New Report Shows that 9/11-Era Veterans Are Faring Better Financially than the General Public

Press Release

FOR IMMEDIATE RELEASE
Media contact: Tanya Domi, 212-817-7283, tdomi@gc.cuny.edu,

New Report Shows that 9/11-Era Veterans Are Faring Better Financially than the General Public

The advantage holds true across all race, ethnicity and gender categories, although some groups are faring better than others, according to researchers at the Graduate Center, CUNY’s Center for Latin American, Caribbean and Latino Studies


NEW YORK, (July 19, 2017) – The country’s 9/11-era veterans (individuals who served in the U.S. armed forces between 2005 and 2015) are better paid, better educated and far less likely to be unemployed than their general-population peers, according to a new report produced by the Latino Data Project at the Center for Latin American, Caribbean and Latino Studies (CLACLS) at the Graduate Center, CUNY.

The report, “How Are 9/11-Era Veterans Faring in Modern Economy? A Quantitative Study by Sex, Race and Ethnicity,” was based on data extrapolated from the U.S. Census Bureau’s American Community Survey Public Use Microdata Series. Researchers discovered that 77 percent of 9/11-era veterans were employed in 2015 compared to just 70 percent of working-age adults in the general population. Veterans of the 9/11 era are also better educated, with 47 percent of those 25 years and older having associates degrees or higher compared to just 39 percent of all Americans 25 years and older. Veterans from the 9/11 era also earned more, with a median annual income of $80,000 in 2015—about $12,000 more than their general-population peers.
“Recruiters and veterans have long trumpeted the armed forces being not just a way to channel a strong sense of civic duty, but also a pathway to upward mobility,” said Lawrence Cappello, CLACLS’ director of quantitative research and author of the report. “We wanted to see if those assertions are a reality for modern-day veterans, and the data we analyzed appears to broadly support them.”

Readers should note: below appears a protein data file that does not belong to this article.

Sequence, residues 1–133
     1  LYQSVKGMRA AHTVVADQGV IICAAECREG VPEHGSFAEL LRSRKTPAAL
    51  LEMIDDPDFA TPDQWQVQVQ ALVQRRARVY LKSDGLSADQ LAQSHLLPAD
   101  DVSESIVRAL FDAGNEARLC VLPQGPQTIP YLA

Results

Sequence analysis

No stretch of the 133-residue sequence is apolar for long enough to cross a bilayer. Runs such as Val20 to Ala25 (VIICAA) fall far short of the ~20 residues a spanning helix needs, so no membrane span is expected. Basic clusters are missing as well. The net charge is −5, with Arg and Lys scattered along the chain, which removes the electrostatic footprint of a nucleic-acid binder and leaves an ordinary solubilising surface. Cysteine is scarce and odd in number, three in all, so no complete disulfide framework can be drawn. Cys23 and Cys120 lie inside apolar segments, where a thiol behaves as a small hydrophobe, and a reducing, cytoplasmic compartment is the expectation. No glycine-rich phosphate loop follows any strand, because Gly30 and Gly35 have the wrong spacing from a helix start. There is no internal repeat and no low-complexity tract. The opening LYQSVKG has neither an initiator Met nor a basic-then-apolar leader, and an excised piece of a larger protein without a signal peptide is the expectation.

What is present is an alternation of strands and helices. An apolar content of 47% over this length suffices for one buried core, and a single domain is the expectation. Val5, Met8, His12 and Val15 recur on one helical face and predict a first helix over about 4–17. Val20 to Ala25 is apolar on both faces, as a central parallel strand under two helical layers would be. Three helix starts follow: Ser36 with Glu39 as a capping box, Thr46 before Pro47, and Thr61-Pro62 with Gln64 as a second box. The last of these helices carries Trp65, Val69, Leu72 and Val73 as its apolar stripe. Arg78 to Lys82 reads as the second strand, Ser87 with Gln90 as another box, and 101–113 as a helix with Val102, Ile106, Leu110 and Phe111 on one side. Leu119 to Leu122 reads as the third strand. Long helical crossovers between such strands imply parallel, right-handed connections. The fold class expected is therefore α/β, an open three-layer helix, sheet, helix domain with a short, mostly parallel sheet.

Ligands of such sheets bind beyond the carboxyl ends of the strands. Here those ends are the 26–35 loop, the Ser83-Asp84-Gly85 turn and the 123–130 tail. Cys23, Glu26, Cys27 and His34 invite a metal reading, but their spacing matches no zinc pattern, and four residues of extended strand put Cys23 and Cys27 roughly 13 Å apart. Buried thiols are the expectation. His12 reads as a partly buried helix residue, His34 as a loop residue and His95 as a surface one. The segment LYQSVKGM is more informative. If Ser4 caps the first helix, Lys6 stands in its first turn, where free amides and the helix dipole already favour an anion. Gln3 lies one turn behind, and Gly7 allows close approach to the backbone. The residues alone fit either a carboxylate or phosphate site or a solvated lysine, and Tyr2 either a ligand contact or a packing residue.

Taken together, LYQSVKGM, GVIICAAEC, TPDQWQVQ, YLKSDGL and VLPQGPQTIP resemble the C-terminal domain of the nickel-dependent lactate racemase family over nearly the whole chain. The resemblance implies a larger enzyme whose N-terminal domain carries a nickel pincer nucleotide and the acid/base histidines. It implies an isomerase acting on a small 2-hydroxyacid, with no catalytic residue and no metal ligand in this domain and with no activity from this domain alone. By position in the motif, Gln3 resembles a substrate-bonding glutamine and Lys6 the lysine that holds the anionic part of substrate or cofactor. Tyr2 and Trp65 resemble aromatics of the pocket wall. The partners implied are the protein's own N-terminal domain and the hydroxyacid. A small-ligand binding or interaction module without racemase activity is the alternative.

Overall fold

But Cappello’s findings also showed that while the advantages associated with 9/11 military service hold true for all demographics, the extent of the benefits varies widely among racial and gender groups. For example, while white, male 9/11 veterans ranked fifth out of eight in four-year degree attainment, they ranked third out of eight in income levels. Conversely, black women ranked fourth in educational attainment, but had the lowest income levels of all groups. Latino women, Asian women and Asian men were the only groups whose income earning levels were directly aligned with their educational attainment.  

Cappello’s analysis offers suggestions for further exploration into the possible cause of the persistent income disparities among 9/11 veterans based on gender, race and ethnicity. The researcher hopes the findings will prompt others to examine these trends more closely, both inside and outside the military. He believes the data could also be useful in helping potential military recruits explore their post-military career goals and determine how to best plot their military career training.

About the Graduate Center, CUNY 
The Graduate Center (GC) is the focal point for advanced teaching and research at the City University of New York (CUNY), the nation's largest urban public university. Devoted exclusively to graduate education, the GC fosters pioneering research and scholarship in the arts and sciences, and trains students for careers in universities and the private, nonprofit, and government sectors. With over 35 doctoral and master’s programs of the highest caliber, and 20 research centers, institutes, and initiatives, the GC benefits from highly ambitious and diverse students and alumni—who in turn teach hundreds of thousands of undergraduates every year. Through its public programs, the GC enhances New York City’s intellectual and cultural life. Visit www.gc.cuny.edu to learn more.

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Submitted on: JUL 19, 2017

Category: Center for Latin American, Caribbean, and Latino Studies | Press Room | Research Studies